Whose Film Is It Anyway?
Jean-Luc Godard
Note: The purpose of Whose Film Is It Anyway? is to examine the validity of the auteur theory through the lens of individual film-makers, taking a look at their bodies of work and highlighting the technical elements, personal style, and thematic consistency of their films. Ultimately, the goal of this column will be to generate a discussion of the merits of auteur theory through examinations of directors widely considered auteurs, analyses of directors whose status as auteurs is more tenuous, and occasional looks at non-directors who may drive the quality and content of their films with more assuredness than the directors they work with.

"Action!"-First Assistant Director (Jean-Luc Godard), Contempt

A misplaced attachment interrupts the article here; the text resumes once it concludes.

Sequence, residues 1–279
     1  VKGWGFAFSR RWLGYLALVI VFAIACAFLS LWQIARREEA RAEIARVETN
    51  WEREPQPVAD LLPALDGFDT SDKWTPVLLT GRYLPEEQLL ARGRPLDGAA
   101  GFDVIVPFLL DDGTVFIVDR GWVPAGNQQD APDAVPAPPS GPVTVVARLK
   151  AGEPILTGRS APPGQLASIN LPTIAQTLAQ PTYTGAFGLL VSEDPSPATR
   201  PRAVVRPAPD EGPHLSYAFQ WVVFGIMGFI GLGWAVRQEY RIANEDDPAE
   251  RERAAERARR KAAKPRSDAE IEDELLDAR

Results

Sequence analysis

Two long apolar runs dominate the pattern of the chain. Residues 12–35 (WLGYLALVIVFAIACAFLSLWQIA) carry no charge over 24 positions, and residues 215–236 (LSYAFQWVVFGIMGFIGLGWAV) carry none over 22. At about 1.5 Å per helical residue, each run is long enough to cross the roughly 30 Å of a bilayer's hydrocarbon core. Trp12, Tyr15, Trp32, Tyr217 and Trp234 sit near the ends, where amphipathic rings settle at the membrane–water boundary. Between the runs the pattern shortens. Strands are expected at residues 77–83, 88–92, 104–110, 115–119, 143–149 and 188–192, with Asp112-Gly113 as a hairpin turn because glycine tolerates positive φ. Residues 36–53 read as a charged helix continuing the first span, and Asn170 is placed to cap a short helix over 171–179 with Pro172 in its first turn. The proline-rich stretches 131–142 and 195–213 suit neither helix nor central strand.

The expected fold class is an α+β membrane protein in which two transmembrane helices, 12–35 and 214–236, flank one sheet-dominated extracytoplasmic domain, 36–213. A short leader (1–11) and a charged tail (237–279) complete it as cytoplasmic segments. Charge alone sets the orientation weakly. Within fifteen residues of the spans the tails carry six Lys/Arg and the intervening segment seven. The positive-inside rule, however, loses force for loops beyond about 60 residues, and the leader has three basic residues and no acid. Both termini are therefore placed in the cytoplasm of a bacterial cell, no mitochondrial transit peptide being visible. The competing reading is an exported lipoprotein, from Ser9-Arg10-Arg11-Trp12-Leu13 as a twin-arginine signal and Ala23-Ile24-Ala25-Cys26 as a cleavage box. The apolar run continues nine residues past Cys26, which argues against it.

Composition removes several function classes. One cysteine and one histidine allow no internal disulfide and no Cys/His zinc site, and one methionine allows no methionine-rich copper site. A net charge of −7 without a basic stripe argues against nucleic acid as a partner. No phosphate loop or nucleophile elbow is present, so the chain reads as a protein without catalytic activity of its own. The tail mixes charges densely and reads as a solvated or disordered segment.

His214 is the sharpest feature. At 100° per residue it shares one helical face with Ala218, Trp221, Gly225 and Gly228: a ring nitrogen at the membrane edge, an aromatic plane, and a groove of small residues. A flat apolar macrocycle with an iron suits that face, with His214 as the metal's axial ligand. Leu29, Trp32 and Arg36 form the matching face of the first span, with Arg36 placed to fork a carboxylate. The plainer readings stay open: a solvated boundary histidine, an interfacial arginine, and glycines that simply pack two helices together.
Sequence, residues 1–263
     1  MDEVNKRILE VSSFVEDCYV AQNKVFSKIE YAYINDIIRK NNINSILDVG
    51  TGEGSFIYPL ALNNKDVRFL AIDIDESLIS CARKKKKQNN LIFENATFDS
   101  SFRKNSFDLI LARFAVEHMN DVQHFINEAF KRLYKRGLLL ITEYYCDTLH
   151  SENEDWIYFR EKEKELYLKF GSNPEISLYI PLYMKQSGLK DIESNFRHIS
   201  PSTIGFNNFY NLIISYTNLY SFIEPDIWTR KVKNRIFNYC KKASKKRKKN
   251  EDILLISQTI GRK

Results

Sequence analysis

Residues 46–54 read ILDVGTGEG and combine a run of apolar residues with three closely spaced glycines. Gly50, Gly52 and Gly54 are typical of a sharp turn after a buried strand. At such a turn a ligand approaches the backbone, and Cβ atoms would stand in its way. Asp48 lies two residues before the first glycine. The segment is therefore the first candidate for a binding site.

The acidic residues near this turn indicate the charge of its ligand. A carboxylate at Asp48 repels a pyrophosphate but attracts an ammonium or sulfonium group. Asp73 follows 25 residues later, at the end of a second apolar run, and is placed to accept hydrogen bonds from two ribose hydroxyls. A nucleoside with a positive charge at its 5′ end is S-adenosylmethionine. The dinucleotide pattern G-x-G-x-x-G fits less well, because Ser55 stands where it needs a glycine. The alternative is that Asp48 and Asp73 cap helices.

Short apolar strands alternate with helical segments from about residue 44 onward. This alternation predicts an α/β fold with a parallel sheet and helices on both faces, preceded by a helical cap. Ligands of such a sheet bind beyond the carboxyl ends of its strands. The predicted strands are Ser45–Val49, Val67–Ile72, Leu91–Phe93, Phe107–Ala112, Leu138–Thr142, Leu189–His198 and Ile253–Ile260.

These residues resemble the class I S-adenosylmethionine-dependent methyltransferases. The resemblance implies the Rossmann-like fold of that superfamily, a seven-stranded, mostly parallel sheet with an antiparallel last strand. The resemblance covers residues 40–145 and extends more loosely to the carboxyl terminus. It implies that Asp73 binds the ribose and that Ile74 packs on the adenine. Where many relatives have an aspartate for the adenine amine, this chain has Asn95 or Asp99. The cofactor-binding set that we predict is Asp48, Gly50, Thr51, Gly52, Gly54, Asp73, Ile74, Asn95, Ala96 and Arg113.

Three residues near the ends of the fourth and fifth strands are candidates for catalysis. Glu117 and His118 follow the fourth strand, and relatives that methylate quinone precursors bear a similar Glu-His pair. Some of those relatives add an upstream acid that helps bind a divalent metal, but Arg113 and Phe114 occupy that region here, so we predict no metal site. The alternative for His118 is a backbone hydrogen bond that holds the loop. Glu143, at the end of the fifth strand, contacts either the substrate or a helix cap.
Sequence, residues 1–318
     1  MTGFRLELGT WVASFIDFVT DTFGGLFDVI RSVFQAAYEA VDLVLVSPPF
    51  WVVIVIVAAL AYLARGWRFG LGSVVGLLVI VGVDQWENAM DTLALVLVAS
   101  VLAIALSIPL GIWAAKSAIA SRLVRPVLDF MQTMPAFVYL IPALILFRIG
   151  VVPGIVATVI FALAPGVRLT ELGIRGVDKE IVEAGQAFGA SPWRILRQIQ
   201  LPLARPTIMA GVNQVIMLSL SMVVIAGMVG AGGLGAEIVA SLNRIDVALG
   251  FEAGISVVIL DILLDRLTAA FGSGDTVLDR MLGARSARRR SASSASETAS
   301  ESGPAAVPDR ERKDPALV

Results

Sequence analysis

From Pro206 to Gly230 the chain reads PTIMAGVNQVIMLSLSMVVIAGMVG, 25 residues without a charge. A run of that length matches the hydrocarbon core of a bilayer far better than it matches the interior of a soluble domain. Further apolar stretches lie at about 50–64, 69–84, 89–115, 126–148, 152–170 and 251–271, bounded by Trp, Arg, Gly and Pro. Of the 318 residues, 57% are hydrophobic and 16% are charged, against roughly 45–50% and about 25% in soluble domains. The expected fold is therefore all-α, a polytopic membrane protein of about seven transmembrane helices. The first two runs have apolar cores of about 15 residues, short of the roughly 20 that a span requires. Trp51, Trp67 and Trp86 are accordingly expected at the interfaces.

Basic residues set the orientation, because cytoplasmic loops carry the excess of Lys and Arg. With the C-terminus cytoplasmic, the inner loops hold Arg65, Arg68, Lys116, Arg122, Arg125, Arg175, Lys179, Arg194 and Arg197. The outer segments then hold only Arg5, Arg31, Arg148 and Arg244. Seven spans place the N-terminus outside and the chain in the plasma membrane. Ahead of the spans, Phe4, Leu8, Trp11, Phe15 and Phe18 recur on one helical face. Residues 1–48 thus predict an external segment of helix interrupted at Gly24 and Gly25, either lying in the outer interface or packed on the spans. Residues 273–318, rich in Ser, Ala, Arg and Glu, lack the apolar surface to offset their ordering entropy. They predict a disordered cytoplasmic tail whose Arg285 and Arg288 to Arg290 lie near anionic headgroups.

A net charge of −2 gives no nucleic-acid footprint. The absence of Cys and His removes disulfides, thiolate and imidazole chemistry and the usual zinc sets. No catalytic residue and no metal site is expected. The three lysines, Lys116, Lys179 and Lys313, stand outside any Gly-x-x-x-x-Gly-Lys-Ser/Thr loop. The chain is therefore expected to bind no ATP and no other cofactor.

I endeavor with this column to write about people who have a singular voice in cinema, and who express it consistently throughout their work. In that way it is surprising that I did not cover Jean-Luc Godard earlier, or even in the first installment of this column. To put it simply, there is no one else like Godard in the entire history of cinema. Neither before nor since has anyone grappled with filmmaking in exactly the same way as him, nor even tried as consistently to get at the core of what the movie watching experience is made up of, and what we expect to see when we walk into a movie. Playing with expectations is one thing, but as David Thomson puts it, "Godard is the first filmmaker to bristle with the effort of digesting all previous cinema and to make cinema itself his subject." Throughout a career that has spanned 50 years and dozens of films, Godard has challenged the way we view movies and the reasons we have for viewing them, and also the reasons artists have for making them. Especially in his early work (Specifically everything he made between his debut feature Breathless in 1960 and Weekend in 1967) Godard deals with cinema through cinema in a way that no one else has ever even tried.